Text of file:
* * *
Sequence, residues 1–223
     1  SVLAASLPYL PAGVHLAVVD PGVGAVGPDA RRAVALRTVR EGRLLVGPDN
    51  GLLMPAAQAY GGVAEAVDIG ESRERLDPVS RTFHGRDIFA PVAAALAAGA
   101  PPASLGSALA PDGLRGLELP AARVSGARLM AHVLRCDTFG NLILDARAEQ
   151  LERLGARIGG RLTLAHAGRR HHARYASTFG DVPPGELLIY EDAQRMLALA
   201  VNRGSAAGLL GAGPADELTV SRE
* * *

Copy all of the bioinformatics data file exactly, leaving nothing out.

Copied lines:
Sequence, residues 1–223
     1  SVLAASLPYL PAGVHLAVVD PGVGAVGPDA RRAVALRTVR EGRLLVGPDN
    51  GLLMPAAQAY GGVAEAVDIG ESRERLDPVS RTFHGRDIFA PVAAALAAGA
   101  PPASLGSALA PDGLRGLELP AARVSGARLM AHVLRCDTFG NLILDARAEQ
   151  LERLGARIGG RLTLAHAGRR HHARYASTFG DVPPGELLIY EDAQRMLALA
   201  VNRGSAAGLL GAGPADELTV SRE